Door Specialties Inc.
The door to a better Buffalo seems to be opening, and brothers-in-law Kevin Dikeman and Tony Genovese have their hands on the knob—literally and figuratively.
Respectively, president and vice president of Door Specialties Inc. in nearby Tonawanda, the two men have seen indications aplenty of an urban renaissance at Western New York’s largest city, with positive implications for the suburbs and rural areas.
“We’re really humming along,” Dikeman says, noting the public and private investment that is putting a shine to the city fast-shedding its Rust Belt reputation. “Buffalo is really on the rebound, and we’re proud to be part of it.”
Especially in the downtown where, come fall, one of the nation’s oldest medical schools, the Jacobs School of Medicine and Biomedical Sciences, is expected to complete its move from the University of Buffalo’s south campus to the western edge of the 120-acre Buffalo Niagara Medical Campus.
Comprising eight stories with a seven-story glass atrium and enough square feet to pack in 11 football fields, the new $375 million facility should further enhance what’s already a world-class Buffalo medical community, as well as bring an additional 17,000 people within walking distance of an exciting central business district.
And that medical school will need lots of doors in place by the time the staff comes aboard in September and the students in January. Hollow metal doors and frames, overhead doors, wood and factory-finished doors. All those state-of-the-art doors and the many accessories needed for peak efficiency and security.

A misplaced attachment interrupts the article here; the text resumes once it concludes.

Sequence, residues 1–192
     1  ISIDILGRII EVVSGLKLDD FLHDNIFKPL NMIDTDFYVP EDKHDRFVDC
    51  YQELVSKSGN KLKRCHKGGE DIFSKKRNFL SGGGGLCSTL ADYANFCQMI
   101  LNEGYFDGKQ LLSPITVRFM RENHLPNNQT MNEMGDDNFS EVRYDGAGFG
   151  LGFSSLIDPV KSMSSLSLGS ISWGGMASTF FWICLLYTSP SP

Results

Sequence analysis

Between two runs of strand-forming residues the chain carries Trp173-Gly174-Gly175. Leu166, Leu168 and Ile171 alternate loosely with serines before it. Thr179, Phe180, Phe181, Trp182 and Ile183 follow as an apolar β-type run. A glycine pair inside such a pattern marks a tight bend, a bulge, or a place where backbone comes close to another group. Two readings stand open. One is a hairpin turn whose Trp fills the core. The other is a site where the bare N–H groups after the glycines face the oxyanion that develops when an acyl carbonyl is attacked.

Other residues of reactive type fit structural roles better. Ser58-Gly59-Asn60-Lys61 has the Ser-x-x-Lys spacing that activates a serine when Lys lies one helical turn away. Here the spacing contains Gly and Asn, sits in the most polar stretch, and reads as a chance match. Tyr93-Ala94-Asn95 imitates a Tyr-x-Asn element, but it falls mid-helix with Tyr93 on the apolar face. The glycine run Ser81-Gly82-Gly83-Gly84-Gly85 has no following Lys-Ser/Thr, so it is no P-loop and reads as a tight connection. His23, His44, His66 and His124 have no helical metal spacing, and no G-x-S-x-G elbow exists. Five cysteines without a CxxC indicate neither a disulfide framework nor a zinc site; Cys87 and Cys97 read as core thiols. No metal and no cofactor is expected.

Buffalo-based construction manager LPCiminelli Inc. knew who to call.
Answering the doorbell
Just how many doors it’ll take to satisfy the new medical school, Dikeman wasn’t saying during a friendly phone chat in May, but his company is well-versed in supplying large volumes of inventory, having been a fixture in the regional construction industry since its 1975 founding by his father, Thomas Dikeman.
The go-to supplier of its kind for general contractors and developers, Door Specialties’ product line includes such reputable manufacturers as Ceco, Sargent, Corbin, Russwin, Yale, Precision, Best, Marshfield, Mohawk, Graham and Hadrian, and is also a Stanley Best Preferred Distributor that stocks keys and cores with locksmith capabilities for end users.
Although Door Specialties is only acting as a supplier for the medical school, it also installs and services its wares with a hard-working crew of 26 that Dikeman says prides itself on reliability.
“It may be a tight job market, but we look for—and find—knowledgeable, honest employees,” Dikeman says. “People with good character, those who build trust with our customers and keep them coming back.”
Entrance to prosperity
Western New York’s economic revival should have customers coming back to Door Specialties and other such companies. The region is reaping early dividends from the so-called Buffalo Billion—Gov. Andrew Cuomo’s long-term investment in a part of the state that too often seemed to have its interests put behind those of the big city 370 miles to the southeast.
But no more.
Buffalo Business First reports close to $8 billion in construction projects has either been wrapped up or gotten underway since 2013—a figure that increases to over $19 billion when including work from the region as a whole.